Music

Marcus Miller: Marcus

Claudrena N. Harold

A disc with the vibe of an extended jam session among friends who appreciate each other’s company.


Marcus Miller

Marcus

Label: Concord
US Release Date: 2008-03-04
UK Release Date: Available as import
Amazon
iTunes

Not too many bassists have resumes as impressive or extensive as Marcus Miller’s. Over his 30 year career, Miller’s released his own material, scored films, and produced records for artists as diverse as jazz icon Miles Davis, soul crooner Luther Vandross, and saxophonist David Sanborn. To peruse Miller’s vast discography is to be amazed not only by his prodigious output, but his versatility. Here’s a man responsible for one of the biggest jams of the 1980s, E.U.’s “Da Butt”, as well as beautifully crafted jazz albums like Wayne Shorter’s High Life and Kenny Garrett’s Standard Language.

Frequently overlooked in discussions of Miller’s artistic contributions is the strength of his own solo projects. None of his recordings have wowed me from start to finish, I must confess, but they all contain moments which validate my opinion of him as an extremely gifted musician with an expansive musical vocabulary. Listening to Miller’s latest release, Marcus, reinforced my positive assessment of his talents. An amalgamation of pop, jazz, R&B, and funk, the disc has the vibe of an extended jam session among friends who appreciate each other’s company. Invited guests include blues man Keb' Mo', David Sanborn, songstress Lalah Hathaway, newcomer Corrine Bailey Rae, keyboardist Bobby Sparks, the reliantly funky Bernard Wright, the always heart-felt Gregoire Maret, and actress Taraji P. Henson. Somewhat reflective of the eclectic line-up, Marcus doesn’t stay in one groove for long. Tempos, textures, and moods shift as one guest star replaces another.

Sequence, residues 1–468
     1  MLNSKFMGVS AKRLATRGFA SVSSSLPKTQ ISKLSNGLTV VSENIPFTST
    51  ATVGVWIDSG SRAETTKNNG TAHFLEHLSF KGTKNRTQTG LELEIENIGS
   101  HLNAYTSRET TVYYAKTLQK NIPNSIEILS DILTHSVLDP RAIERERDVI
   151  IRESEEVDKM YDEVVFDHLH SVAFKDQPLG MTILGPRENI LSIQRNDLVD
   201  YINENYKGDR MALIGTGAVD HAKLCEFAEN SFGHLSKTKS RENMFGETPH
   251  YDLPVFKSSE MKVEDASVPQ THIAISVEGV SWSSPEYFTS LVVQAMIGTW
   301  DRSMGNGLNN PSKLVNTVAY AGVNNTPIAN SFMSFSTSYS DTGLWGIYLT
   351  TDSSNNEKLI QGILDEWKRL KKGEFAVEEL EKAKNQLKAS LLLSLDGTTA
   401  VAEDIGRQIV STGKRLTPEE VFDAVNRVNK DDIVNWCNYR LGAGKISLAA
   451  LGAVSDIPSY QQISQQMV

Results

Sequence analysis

A constant throughout the album’s changes, however, is Miller’s superb bass playing. Surely fans of the slap-bass technique will salivate over the funky goodness of “Blast”, “Funk Joint”, “Strum”, and “Pluck”, but the playing on “When I Fall in Love” and “Jean Pierre” hit me the hardest. Sparse yet substantive, “Jean Pierre” journeys back to Miller’s days with his most famous teacher, Miles Dewey Davis. Out in front for most of the track, Miller’s bass exudes the type of elegant funkiness one always heard in Davis’ music, from his cover of Eddie Harris’ “Freedom Jazz Dance” to the spicy “Back Seat Betty.” Miller’s performance on “When I Fall in Love” is equally impressive. One not only hears his mastery of his instrument, but you feel his spirit. His intimate call and response with Gregoire Maret moves with the kind of transcendental beauty one finds in the work of another brilliant bassist, Meshell Ndegeocello.

Not sure what kind of airplay the aforementioned tracks will receive, but more than likely Marcus Miller’s covers of Robin Thicke’s recent smash “Lost Without You”, Stevie Wonder’s classic “Higher Ground”, and Deniece Williams’ “Free” will get significant spins on smooth jazz stations.

Even though these songs are far from innovative in my opinion, one hopes their accessibility brings greater attention to an otherwise solid album.

7

To be a migrant worker in America is to relearn the basic skills of living. Imagine doing that in your 60s and 70s, when you thought you'd be retired.


Nomadland: Surviving America in the Twenty-First Century

Publisher: W. W. Norton
Author: Jessica Bruder
Publication date: 2017-09
Amazon

There's been much hand-wringing over the state of the American economy in recent years. After the 2008 financial crisis upended middle-class families, we now live with regular media reports of recovery and growth -- as well as rising inequality and decreased social mobility. We ponder what kind of future we're creating for our children, while generally failing to consider who has already fallen between the gaps.